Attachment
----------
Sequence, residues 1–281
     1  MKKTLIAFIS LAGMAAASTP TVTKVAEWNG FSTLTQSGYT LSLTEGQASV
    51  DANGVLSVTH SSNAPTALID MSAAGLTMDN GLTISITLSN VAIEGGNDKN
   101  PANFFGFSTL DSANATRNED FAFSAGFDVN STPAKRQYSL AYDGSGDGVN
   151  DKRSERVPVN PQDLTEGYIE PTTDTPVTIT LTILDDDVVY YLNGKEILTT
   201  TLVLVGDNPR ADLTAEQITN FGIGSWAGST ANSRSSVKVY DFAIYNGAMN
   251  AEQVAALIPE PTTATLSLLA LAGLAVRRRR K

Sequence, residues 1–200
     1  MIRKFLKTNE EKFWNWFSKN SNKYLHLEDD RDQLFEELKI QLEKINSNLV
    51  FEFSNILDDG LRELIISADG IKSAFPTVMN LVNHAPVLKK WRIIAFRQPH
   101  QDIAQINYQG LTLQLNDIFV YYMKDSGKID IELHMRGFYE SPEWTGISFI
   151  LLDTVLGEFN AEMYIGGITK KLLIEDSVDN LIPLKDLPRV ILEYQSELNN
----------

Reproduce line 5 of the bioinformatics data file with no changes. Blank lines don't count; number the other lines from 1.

   151  DKRSERVPVN PQDLTEGYIE PTTDTPVTIT LTILDDDVVY YLNGKEILTT